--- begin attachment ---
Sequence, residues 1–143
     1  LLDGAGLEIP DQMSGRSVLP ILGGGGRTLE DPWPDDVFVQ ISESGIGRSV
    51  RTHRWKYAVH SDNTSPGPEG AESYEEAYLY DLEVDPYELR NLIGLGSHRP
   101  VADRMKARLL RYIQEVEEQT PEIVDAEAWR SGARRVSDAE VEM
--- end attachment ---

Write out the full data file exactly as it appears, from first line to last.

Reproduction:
Sequence, residues 1–143
     1  LLDGAGLEIP DQMSGRSVLP ILGGGGRTLE DPWPDDVFVQ ISESGIGRSV
    51  RTHRWKYAVH SDNTSPGPEG AESYEEAYLY DLEVDPYELR NLIGLGSHRP
   101  VADRMKARLL RYIQEVEEQT PEIVDAEAWR SGARRVSDAE VEM